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Gosha has an egg tray for $16$ eggs on the refridgerator door: two rows of sockets, eight sockets in each row, with an immovable separator in the middle. Initially, there are no eggs in the tray.
When there is at least one egg in the tray, Gosha can take one of them and eat it. When there are at most five eggs in the tray, Gosha can go to a grocery store, buy ten eggs there and place them in the tray. Please note that, after he buys new eggs and placing them in the tray, there is always at least one free socket left.
The eggs will spoil if they are not eaten for too long. So, every time Gosha takes an egg to eat, he should pick one of the oldest eggs in the tray: the ones which were bought earliest. He wants to place the newly bought eggs in such a way that, when he sees the positions of all eggs in the tray, he immediately knows which of them are the oldest. Help Gosha devise a strategy: where to place the eggs he buys and which egg to pick for eating so that the picked egg is one of the oldest.
There are two tests in this problem. In the first test, the first line contains the word "
sample", and in the second test the word "
test". The answer for the first test is checked for validity only, and on the second test, the strategy is also checked.
Print your strategy as a list of instructions.
Each instruction consists of an initial state (to the left), an action (at the center) and a final state (to the right). Please follow the format shown in the example! The formal output rules are given below the example.
buy" action must add exactly ten eggs, and the "
eat" action must remove exactly one egg. A single initial state can occur in the instructions at most twice: at most once with the "
buy" action and at most once with the "
In this problem, formatting and the above rules are checked on both tests. However, the strategy checks described below are performed only on the second test.
Gosha uses the strategy as follows. First, he chooses the next possible action: he can eat an egg if there is at least one in the refridgerator, and he can place ten eggs he bought if there are at most five eggs in the refridgerator. After that, Gosha searches for an instruction with the action he chose where the initial state is the actual state of eggs in his refridgerator. Finally, Gosha changes the state to the final state of this instruction.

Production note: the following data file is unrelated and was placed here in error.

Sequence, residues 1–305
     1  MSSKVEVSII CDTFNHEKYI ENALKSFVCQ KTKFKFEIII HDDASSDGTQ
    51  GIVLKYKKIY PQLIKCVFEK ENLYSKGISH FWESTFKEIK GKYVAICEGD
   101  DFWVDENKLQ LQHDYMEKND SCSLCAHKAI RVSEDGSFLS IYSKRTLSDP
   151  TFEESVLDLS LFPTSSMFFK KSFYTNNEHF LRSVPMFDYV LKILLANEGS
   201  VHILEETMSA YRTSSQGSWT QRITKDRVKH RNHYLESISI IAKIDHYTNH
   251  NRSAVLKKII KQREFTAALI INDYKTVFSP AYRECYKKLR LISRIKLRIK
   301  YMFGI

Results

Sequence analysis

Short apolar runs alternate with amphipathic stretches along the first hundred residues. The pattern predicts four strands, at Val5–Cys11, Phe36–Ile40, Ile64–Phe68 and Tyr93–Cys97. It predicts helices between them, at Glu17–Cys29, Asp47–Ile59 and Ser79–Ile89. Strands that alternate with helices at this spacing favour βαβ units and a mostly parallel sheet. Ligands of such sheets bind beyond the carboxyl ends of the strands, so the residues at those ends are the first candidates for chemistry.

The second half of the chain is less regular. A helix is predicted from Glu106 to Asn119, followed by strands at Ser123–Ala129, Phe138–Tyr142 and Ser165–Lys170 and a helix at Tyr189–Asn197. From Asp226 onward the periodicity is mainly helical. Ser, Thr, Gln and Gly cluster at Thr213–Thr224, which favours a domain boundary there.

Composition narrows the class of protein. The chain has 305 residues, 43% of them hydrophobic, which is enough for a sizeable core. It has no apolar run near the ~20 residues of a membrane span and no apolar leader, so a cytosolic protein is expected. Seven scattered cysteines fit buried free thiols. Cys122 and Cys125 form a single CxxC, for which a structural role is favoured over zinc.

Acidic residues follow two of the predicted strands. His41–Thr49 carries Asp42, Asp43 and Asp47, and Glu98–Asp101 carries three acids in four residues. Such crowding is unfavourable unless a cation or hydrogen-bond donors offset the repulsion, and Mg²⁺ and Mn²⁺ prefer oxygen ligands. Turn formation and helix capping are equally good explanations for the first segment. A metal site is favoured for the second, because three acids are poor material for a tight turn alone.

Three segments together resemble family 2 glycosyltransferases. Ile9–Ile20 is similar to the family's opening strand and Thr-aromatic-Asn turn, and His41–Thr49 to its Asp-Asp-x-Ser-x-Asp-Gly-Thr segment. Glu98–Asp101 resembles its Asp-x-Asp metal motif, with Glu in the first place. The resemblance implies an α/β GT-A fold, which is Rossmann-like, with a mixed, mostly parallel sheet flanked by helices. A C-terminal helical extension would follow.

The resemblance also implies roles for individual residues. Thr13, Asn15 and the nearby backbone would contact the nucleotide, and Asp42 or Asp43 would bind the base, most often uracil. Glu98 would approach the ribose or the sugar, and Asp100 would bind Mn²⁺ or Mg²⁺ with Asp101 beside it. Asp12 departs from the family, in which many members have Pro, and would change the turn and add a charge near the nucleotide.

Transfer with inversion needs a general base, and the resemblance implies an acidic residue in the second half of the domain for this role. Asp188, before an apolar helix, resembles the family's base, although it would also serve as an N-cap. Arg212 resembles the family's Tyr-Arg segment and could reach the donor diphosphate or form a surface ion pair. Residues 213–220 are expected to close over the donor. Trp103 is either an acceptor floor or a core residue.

If there exists a sequence of possible actions such that, eventually, Gosha can not find the instruction he needs, or he picks an egg to eat which is not one of the oldest, the strategy is considered incorrect. If, for every sequence of possible actions, Gosha can find the next instruction, and the egg he eats is always one of the oldest, the strategy is considered correct. Please note that the strategy should account for every sequence of possible actions: when Gosha has two options (eat or buy), both have to be covered.
You are allowed to print instructions with initial states that can not be reached by any sequence of possible actions.
****|**** eat ****|**** ...*|**** ....|**** --- ....|.... buy ...*|**** ....|.... ...*|**** ---
Here are the rules for printing instructions. Each instruction takes three lines: the first two describe the states and the action, and the third one consists of three "
-" characters (minus, ASCII code 45). In each state, empty sockets are denoted by "
." (dot, ASCII code 46), eggs by "
*" (asterisk, ASCII code 42), and separators by "
|" (vertical line, ASCII code 124). The actions are denoted by words "
buy" (add ten new eggs) and "
eat" (remove one egg). On the first line, the action is separated from the states by single spaces, and on the second line, the states are separated by five spaces.